Fast or Far

Like many of us, I entered the New Year committed to getting back in shape. As part of that process, I began to run…again. Perhaps it’s the endorphins or my best efforts to distract myself from the pain, but I have started to notice more parallels between running and leadership.

Specifically, one of the biggest decisions that leaders need to make is the choice between going fast or going far. Rarely do they end up requiring the same things from us. Neither one is inherently better than the other. Becoming a world-class sprinter or a champion marathoner are both amazing athletic achievements. Yet, they require different types of training and focus.

Here are some post-run reflections…

1. Going farther requires attention to pace and rhythms

When I try to approach a long run like a sprint, I end up dragging and barely able to finish. Similarly, leadership for the long haul requires a pace that is sustainable. You can only go “all out” for so long before you drop over.

2. Train for EITHER quick results or sustainability

Sprinters and marathoners don’t train the same way. The type of muscles that sprinters work so hard to develop would deplete a marathoner’s body of oxygen in the middle of a long race. Similarly, systems that would be ideal to see quick results often don’t end up being what you need to have a long-term impact.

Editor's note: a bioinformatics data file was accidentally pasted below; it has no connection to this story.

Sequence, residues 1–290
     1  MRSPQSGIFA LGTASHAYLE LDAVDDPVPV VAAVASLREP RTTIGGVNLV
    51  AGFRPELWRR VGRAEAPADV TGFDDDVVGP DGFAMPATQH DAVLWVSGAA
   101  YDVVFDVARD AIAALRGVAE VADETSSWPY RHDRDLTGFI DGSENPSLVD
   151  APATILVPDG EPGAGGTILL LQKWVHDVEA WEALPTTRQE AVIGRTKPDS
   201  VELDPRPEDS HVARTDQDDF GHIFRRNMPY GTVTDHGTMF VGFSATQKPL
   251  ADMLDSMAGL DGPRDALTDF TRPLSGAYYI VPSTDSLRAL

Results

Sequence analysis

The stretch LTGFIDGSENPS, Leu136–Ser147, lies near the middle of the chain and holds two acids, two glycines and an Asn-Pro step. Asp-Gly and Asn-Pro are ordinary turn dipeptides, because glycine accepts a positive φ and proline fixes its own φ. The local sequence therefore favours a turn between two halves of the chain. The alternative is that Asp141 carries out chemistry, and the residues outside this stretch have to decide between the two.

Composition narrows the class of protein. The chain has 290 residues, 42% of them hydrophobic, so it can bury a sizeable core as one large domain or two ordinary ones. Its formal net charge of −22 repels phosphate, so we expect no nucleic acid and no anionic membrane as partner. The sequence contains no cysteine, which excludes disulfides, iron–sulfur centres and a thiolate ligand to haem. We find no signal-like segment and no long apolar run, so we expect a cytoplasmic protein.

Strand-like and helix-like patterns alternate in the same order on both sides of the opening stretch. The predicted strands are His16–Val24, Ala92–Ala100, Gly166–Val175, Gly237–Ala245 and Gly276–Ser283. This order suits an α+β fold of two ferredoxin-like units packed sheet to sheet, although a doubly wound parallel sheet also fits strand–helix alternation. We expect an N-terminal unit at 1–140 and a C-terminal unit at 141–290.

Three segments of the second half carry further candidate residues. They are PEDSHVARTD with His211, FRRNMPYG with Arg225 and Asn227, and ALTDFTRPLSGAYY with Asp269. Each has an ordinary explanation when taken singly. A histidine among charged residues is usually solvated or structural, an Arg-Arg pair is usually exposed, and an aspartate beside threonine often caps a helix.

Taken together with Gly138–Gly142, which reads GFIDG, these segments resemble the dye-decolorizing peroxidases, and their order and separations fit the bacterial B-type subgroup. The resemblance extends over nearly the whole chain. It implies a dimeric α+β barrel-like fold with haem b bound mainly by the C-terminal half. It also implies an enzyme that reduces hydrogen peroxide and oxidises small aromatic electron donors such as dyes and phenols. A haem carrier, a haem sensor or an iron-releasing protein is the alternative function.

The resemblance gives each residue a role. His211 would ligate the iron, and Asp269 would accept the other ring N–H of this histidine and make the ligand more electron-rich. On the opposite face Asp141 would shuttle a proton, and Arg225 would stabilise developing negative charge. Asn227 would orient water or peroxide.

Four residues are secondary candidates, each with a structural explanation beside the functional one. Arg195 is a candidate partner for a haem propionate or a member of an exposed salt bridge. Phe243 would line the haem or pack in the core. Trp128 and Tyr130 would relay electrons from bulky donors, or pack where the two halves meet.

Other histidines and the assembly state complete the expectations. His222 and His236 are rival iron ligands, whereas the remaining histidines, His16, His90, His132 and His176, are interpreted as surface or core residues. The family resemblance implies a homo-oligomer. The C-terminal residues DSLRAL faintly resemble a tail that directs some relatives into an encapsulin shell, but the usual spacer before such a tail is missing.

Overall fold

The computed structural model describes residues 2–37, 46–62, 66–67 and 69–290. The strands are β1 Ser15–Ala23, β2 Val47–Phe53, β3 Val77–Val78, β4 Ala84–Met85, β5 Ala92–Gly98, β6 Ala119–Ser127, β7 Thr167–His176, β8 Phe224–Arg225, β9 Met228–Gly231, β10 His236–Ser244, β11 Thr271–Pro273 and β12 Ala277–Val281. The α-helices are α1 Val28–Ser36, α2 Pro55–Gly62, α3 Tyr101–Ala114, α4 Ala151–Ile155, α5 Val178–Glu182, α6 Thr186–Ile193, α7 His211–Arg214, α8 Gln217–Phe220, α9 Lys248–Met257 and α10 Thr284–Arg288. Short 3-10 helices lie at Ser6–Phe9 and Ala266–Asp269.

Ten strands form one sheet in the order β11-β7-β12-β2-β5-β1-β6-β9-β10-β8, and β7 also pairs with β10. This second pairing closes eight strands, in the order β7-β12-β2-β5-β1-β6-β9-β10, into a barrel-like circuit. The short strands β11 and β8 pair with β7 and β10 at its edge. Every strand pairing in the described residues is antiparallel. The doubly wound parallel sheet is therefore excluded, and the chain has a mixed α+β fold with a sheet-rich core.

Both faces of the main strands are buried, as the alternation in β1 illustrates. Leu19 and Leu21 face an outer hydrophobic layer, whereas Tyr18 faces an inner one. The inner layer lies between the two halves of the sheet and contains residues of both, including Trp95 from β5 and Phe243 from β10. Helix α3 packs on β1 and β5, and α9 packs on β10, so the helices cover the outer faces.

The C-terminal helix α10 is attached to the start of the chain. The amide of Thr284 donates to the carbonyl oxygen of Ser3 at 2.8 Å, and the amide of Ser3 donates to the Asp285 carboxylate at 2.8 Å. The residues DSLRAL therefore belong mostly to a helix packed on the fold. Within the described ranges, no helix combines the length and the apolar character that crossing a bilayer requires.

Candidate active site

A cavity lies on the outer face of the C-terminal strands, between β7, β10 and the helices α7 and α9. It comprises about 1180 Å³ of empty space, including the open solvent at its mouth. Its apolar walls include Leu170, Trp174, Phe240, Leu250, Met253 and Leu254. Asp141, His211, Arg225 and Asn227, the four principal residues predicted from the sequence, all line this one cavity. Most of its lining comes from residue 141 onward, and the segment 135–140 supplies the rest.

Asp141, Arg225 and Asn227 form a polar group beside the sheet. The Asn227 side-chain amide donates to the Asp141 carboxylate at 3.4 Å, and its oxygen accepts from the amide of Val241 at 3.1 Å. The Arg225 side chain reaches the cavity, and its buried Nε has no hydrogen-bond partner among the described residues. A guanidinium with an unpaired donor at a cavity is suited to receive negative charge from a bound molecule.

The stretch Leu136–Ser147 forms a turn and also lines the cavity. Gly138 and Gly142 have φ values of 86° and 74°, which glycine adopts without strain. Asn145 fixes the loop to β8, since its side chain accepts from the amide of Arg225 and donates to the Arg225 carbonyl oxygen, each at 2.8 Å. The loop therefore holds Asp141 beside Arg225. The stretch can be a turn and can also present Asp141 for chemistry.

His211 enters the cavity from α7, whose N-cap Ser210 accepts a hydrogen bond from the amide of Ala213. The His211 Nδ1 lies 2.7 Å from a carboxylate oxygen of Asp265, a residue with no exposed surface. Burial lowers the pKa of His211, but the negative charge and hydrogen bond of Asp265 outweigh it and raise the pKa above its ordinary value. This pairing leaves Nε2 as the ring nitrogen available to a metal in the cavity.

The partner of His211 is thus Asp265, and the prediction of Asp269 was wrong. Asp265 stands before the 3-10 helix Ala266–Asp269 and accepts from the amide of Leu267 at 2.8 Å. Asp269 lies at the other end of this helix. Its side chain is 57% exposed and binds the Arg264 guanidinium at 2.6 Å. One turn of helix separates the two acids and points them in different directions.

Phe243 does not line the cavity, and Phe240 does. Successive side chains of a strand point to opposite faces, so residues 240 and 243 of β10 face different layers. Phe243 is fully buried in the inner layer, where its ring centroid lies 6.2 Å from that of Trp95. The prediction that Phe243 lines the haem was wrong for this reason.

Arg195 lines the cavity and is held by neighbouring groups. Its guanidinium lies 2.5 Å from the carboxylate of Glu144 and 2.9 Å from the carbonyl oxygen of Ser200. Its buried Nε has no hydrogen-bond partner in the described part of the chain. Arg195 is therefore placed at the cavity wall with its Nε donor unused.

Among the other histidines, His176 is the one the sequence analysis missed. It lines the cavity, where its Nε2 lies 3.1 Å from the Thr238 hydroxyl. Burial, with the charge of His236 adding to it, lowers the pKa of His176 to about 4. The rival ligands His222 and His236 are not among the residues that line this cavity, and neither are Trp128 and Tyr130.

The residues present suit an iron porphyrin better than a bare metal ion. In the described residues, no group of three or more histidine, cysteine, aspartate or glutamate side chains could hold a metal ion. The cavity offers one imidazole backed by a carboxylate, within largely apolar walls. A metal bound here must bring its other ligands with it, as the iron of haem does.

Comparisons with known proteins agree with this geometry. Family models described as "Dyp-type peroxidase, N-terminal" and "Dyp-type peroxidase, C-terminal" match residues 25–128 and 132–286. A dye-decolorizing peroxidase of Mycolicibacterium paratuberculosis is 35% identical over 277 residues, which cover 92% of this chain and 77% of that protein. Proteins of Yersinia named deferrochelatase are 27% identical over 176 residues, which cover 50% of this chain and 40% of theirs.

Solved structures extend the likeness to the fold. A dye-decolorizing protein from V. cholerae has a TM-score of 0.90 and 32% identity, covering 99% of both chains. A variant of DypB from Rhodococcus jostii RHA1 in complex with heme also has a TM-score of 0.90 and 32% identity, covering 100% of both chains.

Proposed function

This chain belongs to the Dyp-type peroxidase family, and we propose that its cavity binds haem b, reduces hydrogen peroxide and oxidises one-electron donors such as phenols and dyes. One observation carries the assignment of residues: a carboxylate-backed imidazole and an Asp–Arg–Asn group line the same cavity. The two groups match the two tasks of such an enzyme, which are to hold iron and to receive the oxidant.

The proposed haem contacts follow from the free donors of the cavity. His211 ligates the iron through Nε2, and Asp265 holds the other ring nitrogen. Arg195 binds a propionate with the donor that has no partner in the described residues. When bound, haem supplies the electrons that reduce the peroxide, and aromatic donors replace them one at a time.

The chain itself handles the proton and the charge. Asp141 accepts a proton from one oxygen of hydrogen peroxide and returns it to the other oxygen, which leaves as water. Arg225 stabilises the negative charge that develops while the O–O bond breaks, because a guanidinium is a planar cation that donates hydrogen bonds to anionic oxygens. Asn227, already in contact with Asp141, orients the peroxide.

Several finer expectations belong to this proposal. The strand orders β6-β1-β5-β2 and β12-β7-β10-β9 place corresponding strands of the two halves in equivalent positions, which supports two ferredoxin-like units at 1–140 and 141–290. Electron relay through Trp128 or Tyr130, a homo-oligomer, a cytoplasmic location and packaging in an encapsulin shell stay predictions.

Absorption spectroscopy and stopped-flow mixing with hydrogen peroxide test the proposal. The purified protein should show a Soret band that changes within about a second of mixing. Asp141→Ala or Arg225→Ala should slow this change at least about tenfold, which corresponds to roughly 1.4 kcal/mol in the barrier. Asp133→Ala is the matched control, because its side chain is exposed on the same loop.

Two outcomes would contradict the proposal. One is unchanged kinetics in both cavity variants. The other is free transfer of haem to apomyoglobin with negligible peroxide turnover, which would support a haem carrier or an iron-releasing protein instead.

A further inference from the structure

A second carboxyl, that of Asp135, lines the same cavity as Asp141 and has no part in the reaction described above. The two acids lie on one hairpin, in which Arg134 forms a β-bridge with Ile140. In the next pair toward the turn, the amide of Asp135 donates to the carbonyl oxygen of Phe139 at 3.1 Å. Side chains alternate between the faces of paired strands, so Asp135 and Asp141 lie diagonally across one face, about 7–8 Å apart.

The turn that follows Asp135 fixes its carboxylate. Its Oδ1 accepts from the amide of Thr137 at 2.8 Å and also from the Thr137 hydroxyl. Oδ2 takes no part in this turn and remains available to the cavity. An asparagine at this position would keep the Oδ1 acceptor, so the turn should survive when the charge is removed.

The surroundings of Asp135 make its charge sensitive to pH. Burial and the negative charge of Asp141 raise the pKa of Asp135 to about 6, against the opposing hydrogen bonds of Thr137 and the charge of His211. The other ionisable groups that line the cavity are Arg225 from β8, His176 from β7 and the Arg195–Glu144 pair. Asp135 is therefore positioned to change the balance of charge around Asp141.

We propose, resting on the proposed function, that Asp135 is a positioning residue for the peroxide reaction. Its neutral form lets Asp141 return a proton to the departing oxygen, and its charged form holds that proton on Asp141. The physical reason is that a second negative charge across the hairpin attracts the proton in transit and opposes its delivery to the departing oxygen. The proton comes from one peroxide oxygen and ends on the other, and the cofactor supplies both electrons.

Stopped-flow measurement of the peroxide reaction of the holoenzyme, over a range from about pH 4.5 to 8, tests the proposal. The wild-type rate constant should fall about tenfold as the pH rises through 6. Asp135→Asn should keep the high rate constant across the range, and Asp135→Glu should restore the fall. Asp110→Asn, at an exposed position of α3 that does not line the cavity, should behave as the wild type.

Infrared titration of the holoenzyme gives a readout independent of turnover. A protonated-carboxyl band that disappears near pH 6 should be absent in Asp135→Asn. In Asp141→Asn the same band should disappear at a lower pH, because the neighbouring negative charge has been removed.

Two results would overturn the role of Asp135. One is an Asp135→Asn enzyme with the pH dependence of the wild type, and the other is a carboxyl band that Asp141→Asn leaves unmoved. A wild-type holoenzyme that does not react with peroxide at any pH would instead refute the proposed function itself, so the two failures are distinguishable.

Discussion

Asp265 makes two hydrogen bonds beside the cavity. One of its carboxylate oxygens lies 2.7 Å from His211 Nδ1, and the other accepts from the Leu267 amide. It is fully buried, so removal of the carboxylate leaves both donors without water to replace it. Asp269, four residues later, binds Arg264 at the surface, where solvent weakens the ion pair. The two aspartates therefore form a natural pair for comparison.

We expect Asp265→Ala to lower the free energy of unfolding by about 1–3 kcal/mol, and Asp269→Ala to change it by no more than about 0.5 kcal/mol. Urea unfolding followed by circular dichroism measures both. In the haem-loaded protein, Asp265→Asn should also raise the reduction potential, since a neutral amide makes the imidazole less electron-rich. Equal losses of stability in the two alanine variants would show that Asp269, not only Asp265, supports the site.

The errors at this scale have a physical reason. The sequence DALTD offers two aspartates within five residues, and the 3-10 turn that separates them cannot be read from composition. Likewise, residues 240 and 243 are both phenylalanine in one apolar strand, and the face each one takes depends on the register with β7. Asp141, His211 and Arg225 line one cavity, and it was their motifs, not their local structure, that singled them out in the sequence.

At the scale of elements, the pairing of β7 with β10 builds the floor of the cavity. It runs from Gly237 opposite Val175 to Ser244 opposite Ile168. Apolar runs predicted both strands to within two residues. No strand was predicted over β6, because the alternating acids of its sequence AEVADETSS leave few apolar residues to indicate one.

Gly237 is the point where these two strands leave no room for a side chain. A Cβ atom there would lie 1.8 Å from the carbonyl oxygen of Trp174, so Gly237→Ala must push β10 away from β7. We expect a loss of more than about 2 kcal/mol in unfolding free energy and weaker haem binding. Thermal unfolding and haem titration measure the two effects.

3. Having a community of people around you will help you go farther.

I’ve had the opportunity to run the “Tough Mudder” a couple of times. The first time I did it, the course was 11 miles of mud, obstacles, mud, hills, mud, feats of strength…and mud. It would have been impossible for me to navigate the course on my own. As a matter of fact, the courses are specifically designed so that you HAVE to depend on other people. Life has much more in common with a Tough Mudder event than a sprint. The farther you want to go, the more you need to depend on the people around you.

4. Tracking your progress is essential for staying in a long race.

Why are smart watches that keep track of your pace and distance so popular? Well, one reason is because when you are running for a long time, it’s motivating to know what progress you are making. That’s also the reason why there are mile markers in races. Mile markers let you know how far you’ve gone and give you the psychological strength to keep pressing on. If you are leading something over a long period of time, it is imperative to have ways to measure your progress.

Those are four similarities that I have noticed. I’m sure there are a ton more. I’d love to hear your insights on this too!